Blog post #3 – Part 2
“Tick Tock, Tick, Tick, Ticks” …are ticks a ticking time bomb for pets?
You will recall that in Part 1 of this blog post we started with a scenario of you talking you pooch for a walk and you ending up visiting him in the vet hospital a few days later on a ventilator!
We also discussed what ticks are, what their life cycle is and how they get onto a their host.
We also covered off the 3 most important ticks in Australia with respect to pets, that being the:
- Brown dog tick
- Bush tick
- Paralysis tick
If you have not read part 1, then click here and come back to part 2 once you have read that….don’t worry we’ll be here, we are not going anywhere.
If you have already read part 1, great job! Let’s get back to the tick discussion…
- The brown dog tick prefers dogs and cats as its host. The bush tick prefers cattle as its host but will still feed on dogs and cats. The paralysis tick feeds on many different hosts, including dogs and cats, and it does seem to have bandicoots as a preferred host.
What is a bandicoot? It is a little Australian marsupial with a pointed nose, prick ears and long back legs. It lives in the bush. Since bandicoots are nocturnal, they are not often seen. I have been fortunate enough to have seen a bandicoot in the wild!
- Female adult paralysis ticks have the potential to cause toxicosis and resultant paralysis in our pets. These adults are most abundant from October to December.
- Provided the microhabitat is suitable, the paralysis tick is primarily found across the eastern seaboard of Australia. It is not found in Western Australia, NT (Northern Territory) or SA (South Australia).
- Whilst the brown dog tick and the bush tick have the potential to transmit diseases to our pets, these vector borne diseases as mentioned, are fortunately not prevalent in Australia so we will focus our attention for the remainder of this discussion on the paralysis tick.
- Why is the paralysis tick of concern to us as pet parents?
- As the name implies, these ticks can case the paralysis and even death of dogs and cats.
- The paralysis tick is quite unique because while it is feeding it begins to secrete a neurotoxin after around 3-4 days of attachment and feeding. So in this instance they can be regarded as a ticking time bomb!
- Although some of the immature stages of the tick may cause paralysis it is the adult female tick that is of greatest concern for causing paralysis in our pets.
- What is a neurotoxin? Neuro refers to the nerves. Toxin refers to a poison. So a neurotoxin is a poison that has an impact on the nervous system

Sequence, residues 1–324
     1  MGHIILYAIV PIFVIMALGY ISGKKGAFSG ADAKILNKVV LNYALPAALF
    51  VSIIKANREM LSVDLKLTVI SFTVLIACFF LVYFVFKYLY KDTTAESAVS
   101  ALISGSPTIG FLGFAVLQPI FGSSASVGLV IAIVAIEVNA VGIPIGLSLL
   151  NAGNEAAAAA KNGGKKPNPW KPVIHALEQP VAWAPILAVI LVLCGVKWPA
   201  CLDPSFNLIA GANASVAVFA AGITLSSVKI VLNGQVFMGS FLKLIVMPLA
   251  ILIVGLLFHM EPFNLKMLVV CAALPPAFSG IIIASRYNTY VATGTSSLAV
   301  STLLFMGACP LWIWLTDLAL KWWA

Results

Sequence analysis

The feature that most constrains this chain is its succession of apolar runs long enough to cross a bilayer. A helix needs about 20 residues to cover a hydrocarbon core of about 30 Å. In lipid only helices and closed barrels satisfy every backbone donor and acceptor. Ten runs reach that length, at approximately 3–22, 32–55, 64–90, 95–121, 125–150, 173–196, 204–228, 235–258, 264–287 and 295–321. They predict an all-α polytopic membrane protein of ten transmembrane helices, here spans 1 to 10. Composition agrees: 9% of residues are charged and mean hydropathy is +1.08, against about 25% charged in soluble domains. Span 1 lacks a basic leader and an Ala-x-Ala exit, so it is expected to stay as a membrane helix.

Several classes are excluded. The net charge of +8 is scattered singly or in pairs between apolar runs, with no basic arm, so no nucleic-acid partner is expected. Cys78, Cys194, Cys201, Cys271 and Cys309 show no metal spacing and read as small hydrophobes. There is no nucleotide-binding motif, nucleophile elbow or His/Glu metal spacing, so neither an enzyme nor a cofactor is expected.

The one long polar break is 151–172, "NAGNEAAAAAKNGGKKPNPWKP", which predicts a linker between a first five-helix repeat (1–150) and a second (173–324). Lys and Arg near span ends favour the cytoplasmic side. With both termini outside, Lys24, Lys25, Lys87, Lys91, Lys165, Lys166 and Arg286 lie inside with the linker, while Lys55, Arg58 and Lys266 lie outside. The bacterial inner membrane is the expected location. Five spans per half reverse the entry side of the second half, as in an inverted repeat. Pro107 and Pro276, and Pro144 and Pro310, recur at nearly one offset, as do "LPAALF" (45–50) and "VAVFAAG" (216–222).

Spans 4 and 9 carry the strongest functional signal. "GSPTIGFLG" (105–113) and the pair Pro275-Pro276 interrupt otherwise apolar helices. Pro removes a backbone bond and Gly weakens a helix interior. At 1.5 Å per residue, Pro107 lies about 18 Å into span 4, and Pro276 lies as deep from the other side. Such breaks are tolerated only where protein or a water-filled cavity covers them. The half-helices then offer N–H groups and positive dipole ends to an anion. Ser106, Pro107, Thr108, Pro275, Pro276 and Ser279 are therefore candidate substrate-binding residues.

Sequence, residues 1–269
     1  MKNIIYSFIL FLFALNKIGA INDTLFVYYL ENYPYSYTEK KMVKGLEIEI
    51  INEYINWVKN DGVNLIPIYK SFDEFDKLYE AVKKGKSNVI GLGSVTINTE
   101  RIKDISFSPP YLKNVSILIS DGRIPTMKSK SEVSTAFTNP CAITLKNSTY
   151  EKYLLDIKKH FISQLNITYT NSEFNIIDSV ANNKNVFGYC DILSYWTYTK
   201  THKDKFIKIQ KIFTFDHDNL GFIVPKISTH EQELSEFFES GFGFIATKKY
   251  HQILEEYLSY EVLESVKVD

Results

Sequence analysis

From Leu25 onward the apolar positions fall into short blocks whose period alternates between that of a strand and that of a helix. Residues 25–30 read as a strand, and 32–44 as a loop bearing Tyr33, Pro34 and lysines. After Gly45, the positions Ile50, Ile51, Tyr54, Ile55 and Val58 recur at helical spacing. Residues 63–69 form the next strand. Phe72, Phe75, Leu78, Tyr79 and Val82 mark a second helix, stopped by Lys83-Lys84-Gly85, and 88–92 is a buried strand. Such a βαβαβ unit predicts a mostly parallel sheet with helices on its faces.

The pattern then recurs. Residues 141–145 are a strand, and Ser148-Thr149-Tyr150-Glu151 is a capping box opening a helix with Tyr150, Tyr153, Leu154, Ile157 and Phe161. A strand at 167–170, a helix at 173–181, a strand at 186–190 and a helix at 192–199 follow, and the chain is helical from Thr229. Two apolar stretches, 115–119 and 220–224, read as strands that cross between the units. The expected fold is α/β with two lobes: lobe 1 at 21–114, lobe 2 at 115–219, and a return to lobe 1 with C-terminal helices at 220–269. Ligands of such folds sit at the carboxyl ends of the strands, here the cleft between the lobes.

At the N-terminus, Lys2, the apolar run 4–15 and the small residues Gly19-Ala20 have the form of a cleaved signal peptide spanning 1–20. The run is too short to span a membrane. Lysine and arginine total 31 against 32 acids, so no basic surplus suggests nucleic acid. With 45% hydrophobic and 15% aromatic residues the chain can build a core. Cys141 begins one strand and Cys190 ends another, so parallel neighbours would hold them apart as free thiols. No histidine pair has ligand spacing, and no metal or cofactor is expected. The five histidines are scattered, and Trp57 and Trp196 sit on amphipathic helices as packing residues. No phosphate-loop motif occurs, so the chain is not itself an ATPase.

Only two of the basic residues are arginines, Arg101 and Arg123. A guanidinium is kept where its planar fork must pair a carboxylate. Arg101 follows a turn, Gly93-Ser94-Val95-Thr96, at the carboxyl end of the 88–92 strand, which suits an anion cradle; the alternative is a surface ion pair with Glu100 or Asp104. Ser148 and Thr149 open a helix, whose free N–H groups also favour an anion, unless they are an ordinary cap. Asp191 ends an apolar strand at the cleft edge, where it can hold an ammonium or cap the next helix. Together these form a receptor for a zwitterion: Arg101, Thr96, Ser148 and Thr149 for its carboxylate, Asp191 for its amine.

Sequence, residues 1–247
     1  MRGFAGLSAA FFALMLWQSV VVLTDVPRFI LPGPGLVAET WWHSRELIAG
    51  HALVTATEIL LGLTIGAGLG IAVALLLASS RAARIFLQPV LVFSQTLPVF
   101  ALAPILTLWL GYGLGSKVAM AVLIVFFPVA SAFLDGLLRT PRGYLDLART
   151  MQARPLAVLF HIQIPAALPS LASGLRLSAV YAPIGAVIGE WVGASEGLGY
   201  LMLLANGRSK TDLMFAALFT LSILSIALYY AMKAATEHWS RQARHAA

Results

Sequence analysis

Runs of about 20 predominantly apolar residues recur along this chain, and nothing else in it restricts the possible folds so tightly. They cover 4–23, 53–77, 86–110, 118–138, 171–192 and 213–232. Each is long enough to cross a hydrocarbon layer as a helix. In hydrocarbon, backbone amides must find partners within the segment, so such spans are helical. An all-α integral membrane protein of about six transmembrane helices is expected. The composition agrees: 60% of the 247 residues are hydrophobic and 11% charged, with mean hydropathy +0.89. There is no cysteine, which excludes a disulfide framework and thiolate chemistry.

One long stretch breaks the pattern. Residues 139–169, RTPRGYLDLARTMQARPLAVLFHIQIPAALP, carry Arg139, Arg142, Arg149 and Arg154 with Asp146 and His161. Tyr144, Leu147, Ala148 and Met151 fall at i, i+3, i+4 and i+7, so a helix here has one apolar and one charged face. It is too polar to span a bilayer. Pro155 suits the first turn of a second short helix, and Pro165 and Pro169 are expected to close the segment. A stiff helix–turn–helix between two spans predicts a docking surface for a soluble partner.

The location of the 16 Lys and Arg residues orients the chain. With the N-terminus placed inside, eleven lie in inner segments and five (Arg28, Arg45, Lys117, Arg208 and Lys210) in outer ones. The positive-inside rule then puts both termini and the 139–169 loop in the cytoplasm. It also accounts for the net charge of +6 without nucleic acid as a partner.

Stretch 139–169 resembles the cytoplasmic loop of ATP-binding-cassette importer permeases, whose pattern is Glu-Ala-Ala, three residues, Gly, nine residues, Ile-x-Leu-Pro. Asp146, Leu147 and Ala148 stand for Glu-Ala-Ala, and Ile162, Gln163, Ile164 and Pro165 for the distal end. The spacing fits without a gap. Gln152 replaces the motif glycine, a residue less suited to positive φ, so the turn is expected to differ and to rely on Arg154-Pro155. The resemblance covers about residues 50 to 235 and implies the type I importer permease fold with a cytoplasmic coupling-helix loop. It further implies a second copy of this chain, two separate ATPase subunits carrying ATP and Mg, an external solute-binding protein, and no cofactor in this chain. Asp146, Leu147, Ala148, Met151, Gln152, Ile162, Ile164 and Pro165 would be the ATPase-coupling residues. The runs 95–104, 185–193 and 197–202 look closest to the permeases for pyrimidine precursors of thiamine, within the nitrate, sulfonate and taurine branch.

- And if it is having a detrimental effect on the nerves….it can lead to paralysis…hence why this tick gets its common name as the paralysis tick
- What does a pet affected by paralysis tick look like?
- Well initially the paralysis typically begins as a weakness in the back legs of our pets and progresses to a weakness and inability to use the front legs as well.
- If the host is a dog, the owner may notice a change in the pets’ bark.
- Sometimes the pet may lose its appetite, it may vomit and occasionally the pupils of the eyes may be different sizes.
- Death results from a paralysis of the respiratory muscles which means that the host is not able to breath effectively.
- Interestingly, Marsupials tend not to be as affected by paralysis ticks.
- Young children have been known to be affected by the toxin of paralysis ticks.
How are paralysed pets treated?
- Treatment of a paralysed pet can involve a number of steps
- One of the primary aims is to find the tick or ticks and remove them as quickly as possible.
- This may involve shaving the entire animal to help find the tick/s.
- In many cases it is just one single tick that can cause all the troubles, however it is important to make sure there are not more than one attached.
- The level of treatment will vary depending on the degree of paralysis
- Hospitalisation and close monitoring along with supportive care may be important.
- The pet may require the administration of intravenous tick antiserum so as to help neutralise the tick toxin.
- In severe and life-threatening cases, ventilation on a ventilator along with other intensive care support may be required
- What can I do to help prevent my dog from being infected?
- Firstly, use some sort of tick preventative
- There are many products available and it is not the purpose of this discussion to go into detail on these rights now.
- However, I will say that in my opinion, for paralysis tick, products that get into your pet’s blood stream are best, as opposed to those that just remain on the surface of the skin. This is not always the case and you should speak to your vet for advise specific to your pet.
- When the product gets into your pet’s blood stream it is far more effective against the tick because the tick ingests the product while it feeds and takes in its blood meal.
- Products that remain on the surface of the skin may not be in high enough concentrations over the animal’s entire body. If for example the tick attaches between the toes or on the ear tip, or some other remote area on the body.